Over time, the construction lender delivers to the trustee advances of its construction loan for deposit into a collateral fund to enable the trustee to disburse bond proceeds to pay qualified costs of the project. Amounts held by the trustee are invested in U.S. treasuries, the earnings from which partly or fully cover the interest cost on the bonds. Once the project is ready to convert, the bonds are tendered by the public holders and delivered to a permanent lender. Because the bonds would never be owned by the construction lender, such party can serve as the equity investor without triggering the 0.125 percent issuer fee restriction. 

While this structure involves certain costs—including fees of the underwriter, the underwriter’s counsel and the rating agency—the interest on the cash-collateralized bonds typically generates additional eligible basis and, accordingly, increased tax credit equity proceeds, which are typically more than sufficient to offset any such added expenses.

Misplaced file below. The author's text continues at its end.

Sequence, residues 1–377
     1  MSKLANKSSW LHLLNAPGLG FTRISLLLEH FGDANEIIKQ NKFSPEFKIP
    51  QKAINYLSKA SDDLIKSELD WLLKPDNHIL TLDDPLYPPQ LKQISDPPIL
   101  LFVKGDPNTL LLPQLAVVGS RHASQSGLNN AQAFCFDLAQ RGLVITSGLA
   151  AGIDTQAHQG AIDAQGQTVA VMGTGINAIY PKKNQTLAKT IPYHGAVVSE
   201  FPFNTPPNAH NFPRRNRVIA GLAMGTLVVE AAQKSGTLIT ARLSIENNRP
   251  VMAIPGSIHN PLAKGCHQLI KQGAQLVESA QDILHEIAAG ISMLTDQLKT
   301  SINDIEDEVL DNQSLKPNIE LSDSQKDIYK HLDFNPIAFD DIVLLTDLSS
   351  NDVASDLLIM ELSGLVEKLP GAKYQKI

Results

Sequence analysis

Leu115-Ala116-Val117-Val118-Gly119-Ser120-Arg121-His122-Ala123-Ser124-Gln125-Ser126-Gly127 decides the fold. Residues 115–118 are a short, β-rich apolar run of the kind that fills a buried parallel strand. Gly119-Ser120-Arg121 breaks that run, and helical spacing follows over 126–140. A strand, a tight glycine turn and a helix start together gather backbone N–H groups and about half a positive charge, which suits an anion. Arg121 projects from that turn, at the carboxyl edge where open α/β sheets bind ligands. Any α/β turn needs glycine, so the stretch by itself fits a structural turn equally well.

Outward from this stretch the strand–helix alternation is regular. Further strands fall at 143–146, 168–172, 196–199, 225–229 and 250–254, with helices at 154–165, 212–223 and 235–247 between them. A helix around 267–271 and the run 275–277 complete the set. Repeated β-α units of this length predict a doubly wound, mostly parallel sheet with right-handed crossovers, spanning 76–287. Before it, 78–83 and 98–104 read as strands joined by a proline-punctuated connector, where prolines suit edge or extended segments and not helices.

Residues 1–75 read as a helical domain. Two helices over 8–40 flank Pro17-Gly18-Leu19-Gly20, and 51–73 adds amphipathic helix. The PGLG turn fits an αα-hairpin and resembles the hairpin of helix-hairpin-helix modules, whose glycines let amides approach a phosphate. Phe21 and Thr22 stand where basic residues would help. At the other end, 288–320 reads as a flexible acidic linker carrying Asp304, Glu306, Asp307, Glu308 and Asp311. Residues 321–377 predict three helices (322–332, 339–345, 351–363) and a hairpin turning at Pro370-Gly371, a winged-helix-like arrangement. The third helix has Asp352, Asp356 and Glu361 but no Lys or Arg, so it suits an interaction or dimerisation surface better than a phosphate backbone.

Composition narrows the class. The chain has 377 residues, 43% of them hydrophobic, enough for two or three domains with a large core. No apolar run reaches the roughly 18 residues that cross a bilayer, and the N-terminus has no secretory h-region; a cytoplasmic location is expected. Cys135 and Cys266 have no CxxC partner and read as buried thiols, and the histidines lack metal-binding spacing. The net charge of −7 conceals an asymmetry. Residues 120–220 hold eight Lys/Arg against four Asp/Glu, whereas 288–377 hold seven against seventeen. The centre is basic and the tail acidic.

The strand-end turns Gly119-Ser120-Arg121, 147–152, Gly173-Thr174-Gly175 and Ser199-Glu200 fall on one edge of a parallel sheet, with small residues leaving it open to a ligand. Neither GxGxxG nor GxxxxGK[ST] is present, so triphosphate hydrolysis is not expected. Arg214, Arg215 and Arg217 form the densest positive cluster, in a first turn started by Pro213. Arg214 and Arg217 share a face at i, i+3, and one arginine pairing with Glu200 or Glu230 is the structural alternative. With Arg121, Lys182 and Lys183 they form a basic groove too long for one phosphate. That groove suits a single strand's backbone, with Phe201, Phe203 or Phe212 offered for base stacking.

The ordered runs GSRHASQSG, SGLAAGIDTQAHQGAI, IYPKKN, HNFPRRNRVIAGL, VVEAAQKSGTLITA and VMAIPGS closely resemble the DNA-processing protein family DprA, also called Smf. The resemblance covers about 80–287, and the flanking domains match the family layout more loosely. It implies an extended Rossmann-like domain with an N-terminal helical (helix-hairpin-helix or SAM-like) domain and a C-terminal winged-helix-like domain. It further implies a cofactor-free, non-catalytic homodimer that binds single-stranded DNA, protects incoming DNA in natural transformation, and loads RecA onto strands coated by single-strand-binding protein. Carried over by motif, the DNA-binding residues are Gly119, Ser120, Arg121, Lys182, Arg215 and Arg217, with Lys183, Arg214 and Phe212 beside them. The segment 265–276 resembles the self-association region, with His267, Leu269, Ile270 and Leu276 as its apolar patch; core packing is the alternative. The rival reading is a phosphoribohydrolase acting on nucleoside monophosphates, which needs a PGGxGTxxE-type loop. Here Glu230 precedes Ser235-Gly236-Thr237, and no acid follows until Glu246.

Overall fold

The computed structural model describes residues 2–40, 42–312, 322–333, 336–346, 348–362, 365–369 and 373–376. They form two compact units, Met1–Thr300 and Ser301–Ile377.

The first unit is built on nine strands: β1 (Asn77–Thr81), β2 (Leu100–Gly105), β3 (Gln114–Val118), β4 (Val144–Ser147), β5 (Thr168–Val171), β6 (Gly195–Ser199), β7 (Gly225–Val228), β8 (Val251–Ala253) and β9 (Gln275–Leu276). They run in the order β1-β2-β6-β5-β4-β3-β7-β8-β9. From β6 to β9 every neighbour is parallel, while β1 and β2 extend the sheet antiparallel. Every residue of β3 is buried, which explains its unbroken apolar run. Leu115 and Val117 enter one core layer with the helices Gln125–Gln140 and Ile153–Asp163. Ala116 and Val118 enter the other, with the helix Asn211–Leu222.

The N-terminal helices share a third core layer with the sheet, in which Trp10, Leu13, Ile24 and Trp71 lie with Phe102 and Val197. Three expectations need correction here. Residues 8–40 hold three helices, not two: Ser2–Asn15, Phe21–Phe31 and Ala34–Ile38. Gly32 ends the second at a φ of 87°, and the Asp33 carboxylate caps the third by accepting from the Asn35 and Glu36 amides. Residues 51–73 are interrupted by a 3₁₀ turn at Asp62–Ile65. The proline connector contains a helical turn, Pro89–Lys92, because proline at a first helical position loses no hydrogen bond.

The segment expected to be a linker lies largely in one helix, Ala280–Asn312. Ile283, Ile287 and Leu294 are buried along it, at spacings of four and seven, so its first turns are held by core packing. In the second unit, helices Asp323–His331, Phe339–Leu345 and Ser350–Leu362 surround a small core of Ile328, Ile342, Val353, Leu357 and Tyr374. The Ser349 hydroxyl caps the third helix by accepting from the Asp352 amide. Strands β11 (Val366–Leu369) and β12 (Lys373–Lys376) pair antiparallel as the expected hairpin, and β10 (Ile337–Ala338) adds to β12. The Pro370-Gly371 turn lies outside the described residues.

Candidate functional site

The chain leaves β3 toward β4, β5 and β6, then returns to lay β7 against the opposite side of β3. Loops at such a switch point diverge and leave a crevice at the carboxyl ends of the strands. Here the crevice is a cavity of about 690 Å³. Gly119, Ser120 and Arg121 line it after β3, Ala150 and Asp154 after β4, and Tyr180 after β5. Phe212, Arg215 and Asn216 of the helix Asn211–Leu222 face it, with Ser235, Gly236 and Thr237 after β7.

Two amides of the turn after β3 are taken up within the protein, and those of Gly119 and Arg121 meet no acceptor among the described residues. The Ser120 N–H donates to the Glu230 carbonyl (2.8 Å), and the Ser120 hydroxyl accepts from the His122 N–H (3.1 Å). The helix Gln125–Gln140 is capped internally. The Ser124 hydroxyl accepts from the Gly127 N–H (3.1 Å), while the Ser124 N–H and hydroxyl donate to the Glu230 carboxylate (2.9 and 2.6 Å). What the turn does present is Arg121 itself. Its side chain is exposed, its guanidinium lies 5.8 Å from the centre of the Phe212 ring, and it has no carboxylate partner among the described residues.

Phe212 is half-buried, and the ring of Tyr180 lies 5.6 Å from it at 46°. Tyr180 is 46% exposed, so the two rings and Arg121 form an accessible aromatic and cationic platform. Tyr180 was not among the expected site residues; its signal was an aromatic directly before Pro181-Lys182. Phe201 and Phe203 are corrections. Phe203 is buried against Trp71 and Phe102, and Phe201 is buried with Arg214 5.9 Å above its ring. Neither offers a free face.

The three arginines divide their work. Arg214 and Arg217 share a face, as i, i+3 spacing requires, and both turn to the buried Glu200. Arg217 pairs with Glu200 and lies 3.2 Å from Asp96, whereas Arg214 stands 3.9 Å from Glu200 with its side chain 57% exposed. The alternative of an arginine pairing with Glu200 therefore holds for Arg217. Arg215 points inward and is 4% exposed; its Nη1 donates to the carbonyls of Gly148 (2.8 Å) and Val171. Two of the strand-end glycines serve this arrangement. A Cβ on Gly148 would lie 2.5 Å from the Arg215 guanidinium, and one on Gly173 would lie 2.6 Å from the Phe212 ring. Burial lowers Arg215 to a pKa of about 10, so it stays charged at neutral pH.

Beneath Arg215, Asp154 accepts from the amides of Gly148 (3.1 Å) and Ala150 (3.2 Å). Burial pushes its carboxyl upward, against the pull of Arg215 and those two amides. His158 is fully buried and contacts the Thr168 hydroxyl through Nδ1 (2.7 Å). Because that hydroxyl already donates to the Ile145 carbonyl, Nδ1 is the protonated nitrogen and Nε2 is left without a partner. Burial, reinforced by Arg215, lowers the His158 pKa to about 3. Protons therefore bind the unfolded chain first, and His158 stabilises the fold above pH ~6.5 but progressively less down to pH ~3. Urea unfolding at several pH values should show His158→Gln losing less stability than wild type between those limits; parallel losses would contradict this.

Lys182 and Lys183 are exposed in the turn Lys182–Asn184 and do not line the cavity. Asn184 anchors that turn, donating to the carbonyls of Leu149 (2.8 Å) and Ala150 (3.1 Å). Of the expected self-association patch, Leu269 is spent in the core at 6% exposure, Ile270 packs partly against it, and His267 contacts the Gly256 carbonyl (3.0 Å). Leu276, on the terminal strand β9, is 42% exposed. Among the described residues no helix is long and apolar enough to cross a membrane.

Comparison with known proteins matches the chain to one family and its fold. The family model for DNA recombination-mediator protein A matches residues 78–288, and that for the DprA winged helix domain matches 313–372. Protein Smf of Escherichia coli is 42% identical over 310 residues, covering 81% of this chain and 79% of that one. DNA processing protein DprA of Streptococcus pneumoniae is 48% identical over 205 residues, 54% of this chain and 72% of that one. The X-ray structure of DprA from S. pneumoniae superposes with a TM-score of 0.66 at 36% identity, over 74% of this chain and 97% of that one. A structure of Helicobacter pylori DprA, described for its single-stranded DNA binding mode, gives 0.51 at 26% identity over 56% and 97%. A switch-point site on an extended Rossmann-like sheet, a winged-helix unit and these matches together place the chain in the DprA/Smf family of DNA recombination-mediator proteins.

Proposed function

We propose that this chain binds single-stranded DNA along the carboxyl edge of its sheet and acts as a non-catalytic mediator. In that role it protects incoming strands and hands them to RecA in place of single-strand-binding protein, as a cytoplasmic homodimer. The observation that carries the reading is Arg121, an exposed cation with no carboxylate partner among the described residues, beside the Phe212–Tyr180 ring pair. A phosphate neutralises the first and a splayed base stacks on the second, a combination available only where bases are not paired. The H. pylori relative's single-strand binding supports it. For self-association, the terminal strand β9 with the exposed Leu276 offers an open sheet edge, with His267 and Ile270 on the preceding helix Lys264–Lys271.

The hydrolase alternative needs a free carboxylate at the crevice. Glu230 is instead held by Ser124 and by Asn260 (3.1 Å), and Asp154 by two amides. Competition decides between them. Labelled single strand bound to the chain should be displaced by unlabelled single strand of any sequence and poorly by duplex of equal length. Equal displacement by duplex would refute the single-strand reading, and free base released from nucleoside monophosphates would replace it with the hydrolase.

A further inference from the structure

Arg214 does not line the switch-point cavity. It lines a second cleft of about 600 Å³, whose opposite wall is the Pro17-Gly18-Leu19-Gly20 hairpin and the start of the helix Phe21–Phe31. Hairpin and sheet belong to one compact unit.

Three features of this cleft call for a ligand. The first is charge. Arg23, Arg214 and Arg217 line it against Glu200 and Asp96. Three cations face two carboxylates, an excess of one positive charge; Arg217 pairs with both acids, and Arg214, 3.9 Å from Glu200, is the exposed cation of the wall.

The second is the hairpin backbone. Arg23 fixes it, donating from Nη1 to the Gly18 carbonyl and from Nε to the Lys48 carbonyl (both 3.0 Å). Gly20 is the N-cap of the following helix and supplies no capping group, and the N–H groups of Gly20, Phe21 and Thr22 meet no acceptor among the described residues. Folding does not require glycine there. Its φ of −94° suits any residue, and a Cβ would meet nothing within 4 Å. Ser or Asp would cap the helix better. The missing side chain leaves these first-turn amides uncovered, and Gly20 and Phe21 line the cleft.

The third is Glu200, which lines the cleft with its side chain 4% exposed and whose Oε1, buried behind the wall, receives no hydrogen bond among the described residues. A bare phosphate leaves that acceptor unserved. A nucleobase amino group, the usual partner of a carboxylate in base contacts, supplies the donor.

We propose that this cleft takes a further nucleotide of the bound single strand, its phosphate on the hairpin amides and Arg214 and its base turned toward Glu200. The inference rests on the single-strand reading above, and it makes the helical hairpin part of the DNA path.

$51,000 Initial Draw Structure 
Under the $51,000 Initial Draw structure, a third party—generally, the permanent lender—would purchase $51,000 of the bonds at closing to satisfy the tax rules for bond issuance. The construction lender again makes a construction loan; instead of collateralizing bonds. However, the construction loan proceeds are used to pay qualified project costs directly. Upon conversion, the third-party bondholder buys the remaining bonds, and those proceeds are used to repay the construction lender. For tax purposes, this constitutes a reimbursement allocation, such that the bonds are treated as having been spent on the project costs initially paid for with construction loan proceeds. As in the Cash-Backed Forward structure, the construction lender never holds the bonds, so the issuer’s fee is not restricted to 0.125 percent.